For the Duration
by KARA VANDERBIJL
Katniss Everdeen is one of the more unlikable characters in all of literature, falling only slightly behind Gollum. It is hard to put a finger on what makes her as repulsive as she is. Her asexuality makes her hard to identify with, which might be part of the problem. I am tempted to blame it all on her blatant refusal to consider anybody else, but that is, after all, what most teenagers (and some twenty-somethings) are like. Surprisingly — or perhaps unsurprisingly, considering the literary mood of our times — various males trail after her for the duration. Is this what high school was like? Did you have any love interests skewer one another with tridents for your affection?
Panem, Suzanne Collins promises in The Hunger Games, is a world only several hundred years in the future of our own. Its citizens whisper “May the odds ever be in your favor” to one another. Oppressed by an unwavering Capitol, far away in the remains of the Rocky Mountains, they starve in twelve outlying districts. One this side of the apocalypse, people cannot make provisions for a potentially awful future — the worst possible future has already occurred. It is too late for them to fund cancer research, fight totalitarian regimes or protest the advent of the Cloud. To make matters worse, every year the Capitol draws two teenagers from each district at random to participate in the Hunger Games, a bloody competition reminiscent of Survivor or a day in the life of a Roman gladiator, which streams live on Panem’s national broadcast.
Despair over the annual death of 23 teenagers, as well as the constant flow of propaganda from the Capitol, has turned the average citizen of Panem into a passive victim. They simply wait for the roll of the dice, the draw of each name, hoping to a nonexistent future deity that it will not be theirs. This time, it isn’t sixteen-year-old Katniss’ name that is called, but her younger sister Prim’s, despite all the precautions that they have taken. In a moment of sheer insanity Katniss volunteers to take her sister’s place at the Games – and in exercising this freedom, seals her fate as a catalyst for the revolution.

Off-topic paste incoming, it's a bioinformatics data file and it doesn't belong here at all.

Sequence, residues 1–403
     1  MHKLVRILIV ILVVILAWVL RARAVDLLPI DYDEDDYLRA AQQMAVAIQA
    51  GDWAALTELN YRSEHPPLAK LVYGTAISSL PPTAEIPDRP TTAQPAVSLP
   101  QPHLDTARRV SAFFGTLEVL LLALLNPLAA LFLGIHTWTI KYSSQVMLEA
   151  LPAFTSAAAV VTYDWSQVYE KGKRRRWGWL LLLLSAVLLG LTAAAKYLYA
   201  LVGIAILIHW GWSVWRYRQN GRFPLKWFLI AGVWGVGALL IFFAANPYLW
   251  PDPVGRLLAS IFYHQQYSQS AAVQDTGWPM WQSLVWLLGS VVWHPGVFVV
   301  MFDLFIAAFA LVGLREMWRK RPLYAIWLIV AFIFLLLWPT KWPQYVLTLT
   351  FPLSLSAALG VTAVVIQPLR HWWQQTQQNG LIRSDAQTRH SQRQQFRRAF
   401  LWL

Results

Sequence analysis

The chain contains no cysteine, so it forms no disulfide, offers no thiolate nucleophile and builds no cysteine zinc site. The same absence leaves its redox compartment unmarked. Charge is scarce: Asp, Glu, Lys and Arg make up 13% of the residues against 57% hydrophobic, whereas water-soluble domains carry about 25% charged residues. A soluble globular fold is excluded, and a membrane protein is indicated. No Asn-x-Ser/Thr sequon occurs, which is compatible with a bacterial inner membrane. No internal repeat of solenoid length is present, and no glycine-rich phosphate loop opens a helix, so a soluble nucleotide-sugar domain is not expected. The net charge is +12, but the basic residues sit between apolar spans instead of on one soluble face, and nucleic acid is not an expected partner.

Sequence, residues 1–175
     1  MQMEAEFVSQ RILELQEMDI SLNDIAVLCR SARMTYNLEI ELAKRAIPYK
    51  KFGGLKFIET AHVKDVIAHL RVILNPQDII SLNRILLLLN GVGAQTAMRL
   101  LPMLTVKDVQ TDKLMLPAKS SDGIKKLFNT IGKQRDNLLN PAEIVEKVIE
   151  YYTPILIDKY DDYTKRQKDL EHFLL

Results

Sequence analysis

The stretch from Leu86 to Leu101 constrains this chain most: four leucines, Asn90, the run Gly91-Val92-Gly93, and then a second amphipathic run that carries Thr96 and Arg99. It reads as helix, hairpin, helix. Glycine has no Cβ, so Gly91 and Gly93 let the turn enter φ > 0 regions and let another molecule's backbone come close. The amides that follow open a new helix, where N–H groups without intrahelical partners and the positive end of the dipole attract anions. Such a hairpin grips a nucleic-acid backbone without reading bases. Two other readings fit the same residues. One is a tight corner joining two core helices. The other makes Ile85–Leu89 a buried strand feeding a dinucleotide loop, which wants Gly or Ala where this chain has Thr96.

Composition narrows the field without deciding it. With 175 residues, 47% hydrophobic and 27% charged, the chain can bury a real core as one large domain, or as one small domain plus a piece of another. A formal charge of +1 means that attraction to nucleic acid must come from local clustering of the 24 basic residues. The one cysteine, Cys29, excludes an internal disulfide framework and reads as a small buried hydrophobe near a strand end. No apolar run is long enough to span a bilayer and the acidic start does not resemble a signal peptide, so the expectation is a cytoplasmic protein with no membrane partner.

This is hardly an act of altruism. Katniss has been a rebel from the beginning, hunting outside the boundaries of the twelfth district with her best friend Gale and selling the game at a local black market. But while Gale’s actions are motivated by a heroic hatred of the Capitol, Katniss finds her motives in a well of self-interest so deep that Ayn Rand could drown herself quite happily in it. Katniss was in it to survive long before she was called to the Games, and the tension between her blatant refusal to consider others and the knowledge that she’ll have to depend on them drives the entirety of the story.
Undoubtedly the time spent in the Games arena is the most entertaining aspect of the book, if only because this is where the majority of Collins’ imagination seems to have expended itself. Outside this deadly, man-made environment, details are scarce. The districts are difficult to envision. The Capitol, in all of its supposed beauty, escapes description. As the story progresses, Katniss and her band of loyal followers step into larger and larger arenas, first breaking the smallest rules, poking at the limits of force fields and challenging accepted reality, and finally overriding the regime’s televised propaganda with truths of their own.
For all of its possibilities, the future rarely inspires an original thought in human beings. Miranda July recently tried to find one and had considerable difficulty emerging from a T-shirt. Why is the imminent unknown so difficult to ignore? It is not as if the future is ever present. Why can’t I disregard its existence, dismissing it as I do the average mathematical equation? For the longest time, I refused to read a book with the word e-mail in it. The future is the only event that will never come to pass if we refuse to acknowledge its existence.
Kara VanderBijl is the senior editor of This Recording. She is a writer living in Chicago. You can find her website here. She last wrote in these pages about the history of feminism. You can find an archive of her writing on This Recording here.
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"Black & Blue" - Miike Snow (mp3)